Shadows of the year now gone stretch long in the setting sun as they strut and prance through orange willows one last time. Imposing slabs of ice have accumulated. It’s late. There isn’t much left to believe in.
“Seeing is believing,” God says in a teasing voice.
I don’t feel like being teased. Or loved. Or spoken to. The costs run too high. All around me, endings. Winter. The charred remains of fire and flood. Memorials planned, attended, forgotten.
“Fruitcake?” God asks, sliding a plate toward me. “Coffee? Beer?”
“C’mon,” God says. “Get over yourself.”
“I AM over myself.” I straighten my spine and adjust my scarf. “And I’m over you.”
“Nope,” God says. “Neither.”
She’s right. I’ve bid the year goodbye, but it hasn’t disappeared. My body bears evidence of tenacity and time. There are debris piles chafing my soul, defiant streaks in my hair, and protests on the streets of failed and failing states. Star athletes are still on their knees. I would drop to mine in a nanosecond if it would further the cause of justice, but I’m not on the team. I don’t go to the games.
“Wrong again,” God says. “Everyone’s on the team. Even you, slugger. Here. Eat up.”
She pushes the holiday Chex mix toward me. I push back. She kneels and gives me a wide grin. Then she tips her head back and pours the entire bowl into her mouth. She chews obnoxiously loud, her tattooed hand rubs her ample black belly, and she sways back and forth, moaning as if the stale snack is the most delicious thing she’s ever tasted.
“You can stop now,” I say, laughing. “You’re ridiculous.”
“No!” she declares. “I’ll never stop.”
I shake my head.
She continues, “Honey, there will always be leftovers and reasons to drop to my knees. This is the communion of saints, the eternal transmutation, the saving of that which can be saved.”
“And what exactly can be saved?” I ask. But I know the answer. Nothing. Everything. God is energy, mass, and the speed of light. The maestro. The melody. Scientist and clown. I’ll never understand why she takes time to make me laugh, but I’m glad she partakes of leftovers with such gusto.
“Have a happy, blessed, sacred, holy, peaceful prosperous new year,” I say to God with a grin of surrender.
“Thanks,” God chuckles. “You crack me up.”
We link elbows, and the Magnificent, Unattainable God of Now waves the billions in. Together, we bid a sad farewell to that which will not come again and bravely greet that which is coming but will not last.
“Have you noticed how often you interrupt me?” God asks, annoyed.
My verbal output may have been somewhat one-sided, driven by holiday agitation. I was holding forth about the ways of the world, all things irritating or ignorant, the costs of blind faith, and how positive and upbeat I think others should be. Including God.
“Sorry,” I say. “Go ahead. I’ll try to listen better.”
“Never mind,” God says. “I forgot what I was going to say anyway.”
Unlikely, I think to myself. How could the Living Word forget what she was going to say? But I sit politely as if I believe her, and she sits politely as if she’s not upset. As if she’s not reading my thoughts. As if people in the Ukraine aren’t very, very cold right now. As if people in my own community aren’t planning how to cheat on taxes and take more than their share. As if goodness and honesty and peace might have a chance.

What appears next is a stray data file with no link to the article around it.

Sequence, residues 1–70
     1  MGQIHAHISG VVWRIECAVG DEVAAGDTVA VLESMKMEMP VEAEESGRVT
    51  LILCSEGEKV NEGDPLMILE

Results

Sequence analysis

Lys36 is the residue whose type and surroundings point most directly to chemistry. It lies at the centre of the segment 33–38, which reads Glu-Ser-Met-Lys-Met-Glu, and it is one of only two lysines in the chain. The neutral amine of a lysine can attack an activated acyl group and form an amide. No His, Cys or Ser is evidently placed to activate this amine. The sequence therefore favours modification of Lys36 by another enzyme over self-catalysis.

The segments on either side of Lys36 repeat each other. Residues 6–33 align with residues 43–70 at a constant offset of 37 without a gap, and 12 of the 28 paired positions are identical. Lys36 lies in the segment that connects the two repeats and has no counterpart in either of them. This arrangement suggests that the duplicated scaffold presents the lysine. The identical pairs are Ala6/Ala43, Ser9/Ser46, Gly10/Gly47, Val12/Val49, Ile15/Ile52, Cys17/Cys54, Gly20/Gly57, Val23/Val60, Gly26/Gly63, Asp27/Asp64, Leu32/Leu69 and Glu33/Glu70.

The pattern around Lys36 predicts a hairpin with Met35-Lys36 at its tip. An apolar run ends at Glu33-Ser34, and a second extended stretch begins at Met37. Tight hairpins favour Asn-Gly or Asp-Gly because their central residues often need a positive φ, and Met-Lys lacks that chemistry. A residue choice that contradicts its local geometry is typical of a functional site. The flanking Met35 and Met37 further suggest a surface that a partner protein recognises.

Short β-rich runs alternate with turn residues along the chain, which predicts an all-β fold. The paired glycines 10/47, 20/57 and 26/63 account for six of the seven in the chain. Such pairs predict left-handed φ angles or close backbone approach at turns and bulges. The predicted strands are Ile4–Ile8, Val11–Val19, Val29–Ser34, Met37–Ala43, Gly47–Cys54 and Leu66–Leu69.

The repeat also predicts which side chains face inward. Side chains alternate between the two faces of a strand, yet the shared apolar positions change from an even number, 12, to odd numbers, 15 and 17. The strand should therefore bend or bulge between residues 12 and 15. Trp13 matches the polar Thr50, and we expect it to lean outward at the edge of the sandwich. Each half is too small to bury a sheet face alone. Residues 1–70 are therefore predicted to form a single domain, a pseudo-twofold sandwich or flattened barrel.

Managing ourselves, three dogs, and four piglets in subzero weather has made everyone snippy. When it’s this cold, all manner of things can go wrong. Yes, I regularly interrupt God and the natural order, but isn’t that the human story? Most of us don’t want to die of exposure, physical or otherwise. We burn fossil fuels and hide among falsehoods and fairytales.
I follow God’s gaze to one of my many disorganized bookshelves. It’s a motley rainbow of words in shiny covers. I love books. I would get up and touch them, but I don’t want to spoil God’s revery. It’s obvious she finds comfort in the books, the words, the great and mighty abstractions contained in those bound and precious editions. I’m glad we have this in common.
“Do you ever interrupt yourself?” I ask God after our shared silence has run its course.
“Oh, yes,” she nods with a sad look. “Many times. It’s always tragic.”
She turns her hands palms up, stares at the scars, and like George Harrison’s guitar, she begins to gently weep. This always makes me cry.
She looks straight at me, wipes away the tears, and drops us into a bittersweet world where true words are like heirloom seeds; planted and watered, converting light to something verdant, innocent, and delicious. No comforting myths. No lies. No interruptions.
I know we cannot stay, but I give thanks before we return to the inescapable veracity of dogs, pigs, and fire. Mulled wine. Good cheer. In the chaos of Christmas, God and I make eye contact, and despite the contradictions, we vow to be respectfully conversant with this fragmented, freezing world.
There are two granny smith apples in the basket, slightly bruised and aging out. The thought of eating one sets my teeth on edge. I don’t know why I buy them. It’s a repeating pattern with me and fruit. I have unfettered access and there’s room in my cart, but is that reason enough? I sit with the ethereal miracle of vibrant green, tangerine, and sweet potato in the loosely woven wicker that holds things together for now. Minutes and hours fall from the heavy sky. I keep watch, and in my own way, I pray. There’s tea steeping and a bag of chips open in case God comes by. She likes the salt. I like the company. I try to be accepting, not greedy, not demanding, not intrusive, not filled with expectations. Just quiet and receptive. But it sucks. It’s harder than winter. The God small in each of us is to blame for tart apples and the long seasons of discontent. We are unskilled at listening, even less skilled at loving. I hear God in the hallway, dragging something behind her walker. It must be laundry day. Well, I can’t wait forever. I have errands and obligations. I understand how the self-important God of billions might ignore me now and then, but the laundry lady? When God embodies thus, the roles reverse. She’ll ask me for quarters and for help folding her flannel sheets.
This morning began dark, but it has lightened to a dull gray which will soon give way to darkness again. I build a reluctant fire. God joins me, and we note the importance of a good draft. The air is heavy. My beer is cold.